Went with my granddaughter to the top of the hill to look at the stars, just after sunset. I was no longer able to find Saturn next to Jupiter; either because of clouds, or because the stars were still too faint, or because Saturn had moved (the name for planets in Hebrew translates to "stars that walk/move"). She was most excited by the sight of Orion's belt.
Ubuntu Media PC
The Ubuntu system on the computer we use as a Media PC (I think it was 16.4 or even 14.4) expired a long time ago and wouldn't upgrade, so I decided to install a new version. I thought this would be easy (as in, something I've done dozens of times). But this time all kinds of obstacles presented themselves. First, it somehow got stuck on formatting a partition. Then it got stuck right at the end of the install and wouldn't re-boot. Then, just at the last stage of the install, when it asks you to remove removable media, I accidentally unplugged the computer when I was reaching for the usb stick (which wrecked the install). On the next install, I tried installing without erasing the previous install. It painstakingly copied all the existing programs, which took much longer than downloading them. But again it failed. The next install worked fine, but I made a dumb mistake afterwards and I deleted an essential directory (thought I was deleting something in a previous Ubuntu installation on another disk). Installed again. Now it all works. But, my Firefox won't run Netflix; even after allowing it to work with DRM. I'm tired of Chrome and refuse to sign in, so I tried to download Vivaldi. It downloaded, but Ubuntu refused to install it. Another gripe is that Vivaldi isn't in Ubuntu's Appstore. Why? And the Appstore itself doesn't seem well thought out. Under what category is one supposed to find browsers? There isn't one, at least not a category that makes any sense.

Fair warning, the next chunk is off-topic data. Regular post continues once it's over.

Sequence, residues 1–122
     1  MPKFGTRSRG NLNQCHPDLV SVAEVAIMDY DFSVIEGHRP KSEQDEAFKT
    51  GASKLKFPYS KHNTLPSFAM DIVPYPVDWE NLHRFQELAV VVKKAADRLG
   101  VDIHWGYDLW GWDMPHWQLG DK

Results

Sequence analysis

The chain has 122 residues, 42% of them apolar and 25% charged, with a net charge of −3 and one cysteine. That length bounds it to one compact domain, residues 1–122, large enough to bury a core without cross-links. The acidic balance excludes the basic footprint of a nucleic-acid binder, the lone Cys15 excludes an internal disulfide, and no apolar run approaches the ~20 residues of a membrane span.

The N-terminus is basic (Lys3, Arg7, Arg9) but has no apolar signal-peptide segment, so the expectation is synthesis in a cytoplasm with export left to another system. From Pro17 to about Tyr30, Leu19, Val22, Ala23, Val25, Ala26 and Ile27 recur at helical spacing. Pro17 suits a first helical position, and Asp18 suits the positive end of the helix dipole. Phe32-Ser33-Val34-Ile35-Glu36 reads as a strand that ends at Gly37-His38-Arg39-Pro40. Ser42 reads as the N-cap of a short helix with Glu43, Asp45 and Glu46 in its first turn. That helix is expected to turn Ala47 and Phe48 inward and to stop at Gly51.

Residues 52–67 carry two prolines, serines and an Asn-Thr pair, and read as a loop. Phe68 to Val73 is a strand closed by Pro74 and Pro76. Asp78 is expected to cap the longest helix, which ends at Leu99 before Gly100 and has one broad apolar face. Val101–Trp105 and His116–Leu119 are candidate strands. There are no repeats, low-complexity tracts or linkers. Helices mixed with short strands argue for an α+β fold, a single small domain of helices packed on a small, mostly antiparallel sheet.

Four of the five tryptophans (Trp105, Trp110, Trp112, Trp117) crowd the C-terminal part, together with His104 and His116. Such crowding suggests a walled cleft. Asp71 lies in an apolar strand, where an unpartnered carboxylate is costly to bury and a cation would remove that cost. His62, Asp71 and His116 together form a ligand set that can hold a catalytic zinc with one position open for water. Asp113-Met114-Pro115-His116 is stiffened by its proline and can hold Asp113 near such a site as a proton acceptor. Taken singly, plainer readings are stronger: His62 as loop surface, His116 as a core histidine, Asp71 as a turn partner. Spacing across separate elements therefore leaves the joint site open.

I chose Ubuntu for the media PC only because that's what my wife has on her PC, and I wanted it to be familiar to her. Otherwise I would install my favourite, which remains MX.
We are forced to deal with ever more complex systems that are beyond our natural abilities. I fear what will happen in old age. It isn't just Linux (which actually works very well most of the time). I mean, we recently bought 7 new Lenovo Thinkpads with Windows 10 installed. On every one of them there's a problem with the speakers. A Windows update makes the driver stop working. The first time, after not being able to fix the issue, I called in the company repair guy. He showed me what to do, but said also that sometimes the fix works other times not - just the previous week he'd had to send a computer back for re-formatting and reinstallation. The next time, I managed myself, but the problem came back after a new Windows Update.
These sorts of problems are beyond what ordinary users can solve. We are at the mercy of complex systems, wherever we look, while using technology is no longer a choice. During the pandemic, it's been the only way many of us could communicate with family members, order food, obtain the stopover grants provided by the government, obtain health services, interact with the bank, and so many other things.